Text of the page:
The 12th Malaysia Plan (12MP) was presented by the Prime Minister, Datuk Seri Ismail Sabri Yaakob in the Parliament sitting yesterday (27 September) and the government is set to introduce a series of initiatives and policies to put Malaysia back on track for a high income nation.
However, it seems that the agenda of shared prosperity and inclusiveness as promoted under the 12MP will remain a lip service without the political will to make sure it happens.
The remark was made by the Selayang Member of Parliament (MP), William Leong who criticised the race-based policies that is being continued by the Malaysian government, according to FMT.
Among the examples were the proposed 51% Bumiputera shareholding requirement for freight forwarders, and racial quotes on admissions to public universities as examples that went against aspirations of a more inclusive society.
“We cannot hope to share our prosperity if we cannot first learn to share our society. We cannot speak of social cohesion and inclusiveness when our country’s dominant groups do not fully include others into the society.” he said.
Leong also shared that the political leaders had constantly exploit fears and prejudices based on differences and insecurities among people, deepening divisions that are against the shared society concept.
“Hence, it is hypocritical to talk of a 12th Malaysia Plan providing a prosperous, inclusive and sustainable country.” he said.
In addition, he also shared that the society concept was raised after 64 years of Merdeka, while some people were still called “pendatang” and are reminded they were second-class citizens.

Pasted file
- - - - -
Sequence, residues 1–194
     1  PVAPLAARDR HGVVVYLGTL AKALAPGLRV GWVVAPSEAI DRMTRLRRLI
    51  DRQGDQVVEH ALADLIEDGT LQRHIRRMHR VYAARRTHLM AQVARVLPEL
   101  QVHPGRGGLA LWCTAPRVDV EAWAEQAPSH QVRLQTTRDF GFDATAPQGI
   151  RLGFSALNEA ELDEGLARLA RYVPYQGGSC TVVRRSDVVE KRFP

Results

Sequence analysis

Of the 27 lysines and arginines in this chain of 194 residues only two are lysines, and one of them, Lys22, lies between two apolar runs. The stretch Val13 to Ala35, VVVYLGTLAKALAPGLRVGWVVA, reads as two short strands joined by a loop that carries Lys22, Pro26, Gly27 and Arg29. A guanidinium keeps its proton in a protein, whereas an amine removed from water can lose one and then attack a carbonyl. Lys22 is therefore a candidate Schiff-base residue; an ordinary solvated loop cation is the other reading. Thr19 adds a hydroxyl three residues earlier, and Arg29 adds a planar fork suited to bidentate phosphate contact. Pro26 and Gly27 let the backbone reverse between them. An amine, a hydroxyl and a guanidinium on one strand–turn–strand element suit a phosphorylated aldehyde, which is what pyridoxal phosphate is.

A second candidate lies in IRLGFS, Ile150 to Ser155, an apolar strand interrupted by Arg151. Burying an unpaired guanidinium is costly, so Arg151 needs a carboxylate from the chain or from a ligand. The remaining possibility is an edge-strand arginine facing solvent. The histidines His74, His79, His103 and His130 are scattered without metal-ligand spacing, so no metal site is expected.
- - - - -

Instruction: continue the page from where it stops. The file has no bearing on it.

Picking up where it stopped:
“The tragedy is those who make these statements are allowed to get away with it and will appear to be allowed to repeat them with impunity. The real test lies in the political will of those implementing the programmes under the 12th Malaysia Plan to carry out the reforms needed.” he said.
Meanwhile, economists echoed similar views on the 12MP, where they said the metrics used in the plan do not account for inequalities or the standard of living.
According to Barjoyai Bardai of Universiti Tun Abdul Razak, he said that looking at average household income could be deceptive, as it does not take into account gaps between the rich and the poor.
Nonetheless, he suggested the government develop new qualitative and quantitative indexes in order to gauge whether people’s lives are improving, taking into account aspects like happiness rather than just earnings.
On the other hand, Yeah Kim Leng of Sunway University agreed with it and said that the metrics that measure income inequality, such as the Gini coefficient, must also be prioritised as the country pursues high-income status.
“It is a good aspiration, but only if growth is equitably distributed. Inequality is a major issue everywhere.”
“The rich, the ‘haves’, will be best positioned to benefit from Malaysia’s recovery, but the ‘have nots’ and vulnerable groups like the young, women and single parents will face difficulties.” he said.
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